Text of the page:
Thoughts on the basics of Paris

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October, 2004

Divided into 20 different neighborhoods, or arrondissements, exploring Paris for the first time is a formidable undertaking. Bisected by the meandering Seine River, these same waters have seen Paris grow over jardincenturies into one of Europe’s largest cultural centers and the ultimate fusion of history and modernity.  While the daily intricacies and idiosyncrasies  of this fabled city of romance could take years to master, the casual visitor to Paris can still hit a number of classically Parisian sites even if allowed only a few days.

My personal favorite place to hang out in Paris is the 6th arrondissement, casually strolling through the sprawling Jardin du Luxembourg and sampling the trendy cafes on the tree-lined boulevards. It’s away from the hordes of tourists and offers plenty of opportunities to sit beside a fountain and take in the world as it passes by.

Regarding the major tourist sites of Paris, I honestly feel that some are completely worthy of the hype, while others simply aren’t worth the price of admission. It all has to do with your personal likes and dislikes, I guess. Forarc de triomphe Paris France example, I personally think visiting the Arc de Triomphe is an incredibly well-spent couple of hours. First of all, you get to stroll the length of the uber-trendy Champs-Elysees boulevard to reach the hulking structure,which is an adventure in itself. Once at the chaotic Place de Charles de Gaulle, a massive roundabout where 12 different roads all converge without the aid of any formal traffic signals, you pass underneath the road via a tunnel and up to the impressive military museum that is awaiting inside of the arch. Originally commissioned by Napoleon as a monument to the military victories of France, the Arc de Triomphe is one of the more historically potent and informative venues in all of Western Europe. The view afforded from the top isn’t bad either.

On the flip-side of the coin, a trip to someplace such as The Louvre, I feel, is not time well spent. Many may balk at this claim, but I stand my ground. I felt more comfortable and alive while exploring outdoors in the sprawling Tuileries Garden than I did inside of the nearby Louvre. While I will admit mona lisathat the Louvre houses some of the greatest pieces of art ever imagined and brought to life, the hordes of people and endless hallways are simply too overwhelming of an experience for me. The entire compound is so large that a casual day visit is regarded as futile. Furthermore, the Mona Lisa, the headlining act of the Louvre, is constantly surrounded by a cloud of 40 or so spectators and unable to be viewed from within a distance of nearly 20 feet. For all of the hype, the entire Mona Lisa experience is rather underwhelming.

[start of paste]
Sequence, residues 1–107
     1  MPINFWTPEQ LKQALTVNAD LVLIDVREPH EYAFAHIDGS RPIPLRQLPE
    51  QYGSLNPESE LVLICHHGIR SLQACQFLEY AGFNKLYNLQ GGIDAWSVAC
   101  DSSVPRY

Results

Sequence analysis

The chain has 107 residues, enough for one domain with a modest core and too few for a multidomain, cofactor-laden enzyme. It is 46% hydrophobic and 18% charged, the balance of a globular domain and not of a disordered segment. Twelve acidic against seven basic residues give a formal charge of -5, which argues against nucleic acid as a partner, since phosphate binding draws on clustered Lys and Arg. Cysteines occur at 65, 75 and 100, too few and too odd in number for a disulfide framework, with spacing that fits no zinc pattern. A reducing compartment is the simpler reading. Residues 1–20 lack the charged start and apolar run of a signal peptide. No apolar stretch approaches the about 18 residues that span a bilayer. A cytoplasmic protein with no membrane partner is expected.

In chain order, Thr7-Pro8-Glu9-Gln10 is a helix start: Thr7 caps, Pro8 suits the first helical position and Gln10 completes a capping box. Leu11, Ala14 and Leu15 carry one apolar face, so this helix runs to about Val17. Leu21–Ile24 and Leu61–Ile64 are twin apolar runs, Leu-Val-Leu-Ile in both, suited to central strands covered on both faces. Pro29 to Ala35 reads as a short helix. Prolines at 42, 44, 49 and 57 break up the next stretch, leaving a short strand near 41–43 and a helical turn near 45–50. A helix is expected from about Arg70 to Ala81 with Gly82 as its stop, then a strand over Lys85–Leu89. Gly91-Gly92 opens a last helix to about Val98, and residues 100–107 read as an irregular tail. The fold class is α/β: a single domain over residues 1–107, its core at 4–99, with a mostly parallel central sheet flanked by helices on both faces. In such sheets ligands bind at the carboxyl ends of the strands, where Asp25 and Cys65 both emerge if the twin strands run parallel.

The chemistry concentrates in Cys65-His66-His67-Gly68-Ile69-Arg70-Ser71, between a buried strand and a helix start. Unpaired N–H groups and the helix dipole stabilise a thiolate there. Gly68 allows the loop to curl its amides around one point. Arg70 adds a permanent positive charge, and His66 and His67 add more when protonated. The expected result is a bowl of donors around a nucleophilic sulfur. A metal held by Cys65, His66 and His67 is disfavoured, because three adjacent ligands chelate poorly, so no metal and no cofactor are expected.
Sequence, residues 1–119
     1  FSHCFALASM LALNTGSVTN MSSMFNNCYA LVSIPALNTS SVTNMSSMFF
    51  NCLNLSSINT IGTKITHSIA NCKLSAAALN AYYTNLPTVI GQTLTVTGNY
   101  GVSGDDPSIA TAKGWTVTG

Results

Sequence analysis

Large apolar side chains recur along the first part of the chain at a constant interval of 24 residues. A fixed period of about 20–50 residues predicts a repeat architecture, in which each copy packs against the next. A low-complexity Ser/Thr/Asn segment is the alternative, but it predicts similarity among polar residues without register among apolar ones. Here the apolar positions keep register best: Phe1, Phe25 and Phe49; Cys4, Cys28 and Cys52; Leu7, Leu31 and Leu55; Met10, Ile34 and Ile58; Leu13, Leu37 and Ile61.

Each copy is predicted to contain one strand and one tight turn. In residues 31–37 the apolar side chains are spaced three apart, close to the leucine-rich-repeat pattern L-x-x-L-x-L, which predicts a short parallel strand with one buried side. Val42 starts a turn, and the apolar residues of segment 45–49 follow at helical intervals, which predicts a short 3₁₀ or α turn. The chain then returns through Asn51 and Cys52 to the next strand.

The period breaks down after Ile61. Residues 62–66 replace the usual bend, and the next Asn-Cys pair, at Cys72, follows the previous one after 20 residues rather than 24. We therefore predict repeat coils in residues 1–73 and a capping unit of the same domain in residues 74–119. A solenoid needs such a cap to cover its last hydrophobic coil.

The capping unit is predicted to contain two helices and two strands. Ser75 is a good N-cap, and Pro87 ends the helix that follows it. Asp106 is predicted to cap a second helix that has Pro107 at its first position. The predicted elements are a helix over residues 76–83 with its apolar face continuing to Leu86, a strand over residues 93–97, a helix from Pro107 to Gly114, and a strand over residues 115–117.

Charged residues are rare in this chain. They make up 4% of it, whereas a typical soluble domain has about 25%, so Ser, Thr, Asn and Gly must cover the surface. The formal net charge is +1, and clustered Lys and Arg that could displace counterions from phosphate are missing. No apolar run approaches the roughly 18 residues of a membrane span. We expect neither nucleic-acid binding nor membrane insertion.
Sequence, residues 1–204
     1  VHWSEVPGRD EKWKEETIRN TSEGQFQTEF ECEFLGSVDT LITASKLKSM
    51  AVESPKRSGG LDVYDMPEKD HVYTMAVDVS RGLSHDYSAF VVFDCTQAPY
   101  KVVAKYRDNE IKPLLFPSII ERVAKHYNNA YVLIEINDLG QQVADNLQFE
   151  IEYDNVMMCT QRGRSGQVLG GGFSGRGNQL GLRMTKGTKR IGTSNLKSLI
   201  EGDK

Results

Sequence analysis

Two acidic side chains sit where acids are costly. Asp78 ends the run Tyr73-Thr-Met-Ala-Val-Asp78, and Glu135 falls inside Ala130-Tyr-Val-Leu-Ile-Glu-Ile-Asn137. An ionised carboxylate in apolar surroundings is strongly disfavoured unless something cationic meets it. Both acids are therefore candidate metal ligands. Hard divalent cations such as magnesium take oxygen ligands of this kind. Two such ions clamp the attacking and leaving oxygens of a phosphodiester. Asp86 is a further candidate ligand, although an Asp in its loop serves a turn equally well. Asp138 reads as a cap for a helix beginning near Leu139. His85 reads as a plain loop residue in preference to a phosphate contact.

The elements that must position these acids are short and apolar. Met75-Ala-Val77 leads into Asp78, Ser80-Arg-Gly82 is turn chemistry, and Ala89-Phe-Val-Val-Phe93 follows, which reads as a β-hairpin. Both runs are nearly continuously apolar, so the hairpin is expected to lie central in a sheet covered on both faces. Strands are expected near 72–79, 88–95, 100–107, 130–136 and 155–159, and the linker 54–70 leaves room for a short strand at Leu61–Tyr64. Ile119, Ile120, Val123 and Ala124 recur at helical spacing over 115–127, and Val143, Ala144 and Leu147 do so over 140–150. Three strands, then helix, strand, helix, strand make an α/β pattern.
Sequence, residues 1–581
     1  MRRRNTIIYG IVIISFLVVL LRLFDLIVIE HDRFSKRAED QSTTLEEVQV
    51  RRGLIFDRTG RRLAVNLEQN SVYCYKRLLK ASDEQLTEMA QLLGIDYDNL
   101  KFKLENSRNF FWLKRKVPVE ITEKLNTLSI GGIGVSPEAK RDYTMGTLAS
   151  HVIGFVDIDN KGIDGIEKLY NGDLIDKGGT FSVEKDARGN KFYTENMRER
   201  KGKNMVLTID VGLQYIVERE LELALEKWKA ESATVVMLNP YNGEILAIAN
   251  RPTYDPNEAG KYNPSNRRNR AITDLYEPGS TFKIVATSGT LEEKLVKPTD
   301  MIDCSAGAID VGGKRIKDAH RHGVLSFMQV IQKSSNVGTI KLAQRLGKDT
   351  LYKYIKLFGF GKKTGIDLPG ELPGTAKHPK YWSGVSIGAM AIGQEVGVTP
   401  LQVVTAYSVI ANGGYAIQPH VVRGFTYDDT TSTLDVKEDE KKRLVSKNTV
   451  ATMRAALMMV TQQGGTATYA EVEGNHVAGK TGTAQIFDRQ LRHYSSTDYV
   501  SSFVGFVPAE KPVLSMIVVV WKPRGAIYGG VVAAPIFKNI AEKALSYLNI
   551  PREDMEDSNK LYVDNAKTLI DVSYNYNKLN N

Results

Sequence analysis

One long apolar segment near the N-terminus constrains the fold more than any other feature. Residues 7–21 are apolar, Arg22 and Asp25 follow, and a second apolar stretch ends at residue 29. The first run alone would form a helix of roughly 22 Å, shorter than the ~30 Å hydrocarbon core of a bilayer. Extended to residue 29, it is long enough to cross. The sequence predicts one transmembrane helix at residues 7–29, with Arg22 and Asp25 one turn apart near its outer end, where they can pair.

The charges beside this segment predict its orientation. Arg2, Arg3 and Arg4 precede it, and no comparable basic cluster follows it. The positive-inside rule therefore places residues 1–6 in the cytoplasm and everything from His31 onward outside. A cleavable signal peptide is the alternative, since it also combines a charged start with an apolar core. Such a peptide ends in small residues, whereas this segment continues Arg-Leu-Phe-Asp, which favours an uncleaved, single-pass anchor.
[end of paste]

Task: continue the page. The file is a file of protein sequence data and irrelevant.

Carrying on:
What is not underwhelming, meanwhile,  is a little compound outside of Paris by the name of Versailles. Once the seat of the entire French Kingdom, the Palace and the gardens of Versailles are worthy of an entire day trip outside of the city of Paris. Getting to Versailles is as easy as hopping on the train from the city center, though trying to wind your way through the ornate and lavish compound can be an entirely more difficult feat altogether. The Palace has 700 rooms, and the Gardens have over 200,000 trees.  Simply put, Versailles is incredible. To stand in the site of so much political history and to grasp how many Earth-changing decisions were made upon these exact grounds is a humbling experience to say the least. It versaillesis apparent when you are standing in the Hall of Mirrors upon the exact spot where the German’s signed an end to World War I that you are experiencing something special. Versailles is a must-visit attraction for anyone spending more than a day or two in Paris.

Finally, what would a mention of Paris be without a nod to arguably the most famous structure in the entire world, the sky-piercing Eiffel Tower. Visited by over a quarter of a billion people, the Eiffel Tower is a sight unto itself. To this day remaining as the tallest structure in all of France, the view afforded of the city from the top of the tower is beyond breathtaking. For overall romance, however, the Tower is at its most brilliant once mirrored against a pitch black eiffel tower at night paris francesky. Lighting up regularly throughout the evening to a coordinated show of light and dazzle, the Eiffel Tower can warm the hearts of even the most jaded traveler. There are few better ways to cap off a Parisian evening than with a stroll around the lawn fronting the Eiffel Tower, a stomach full of gourmet crepes, and laying on your back while watching the Tower explode in all her glory.

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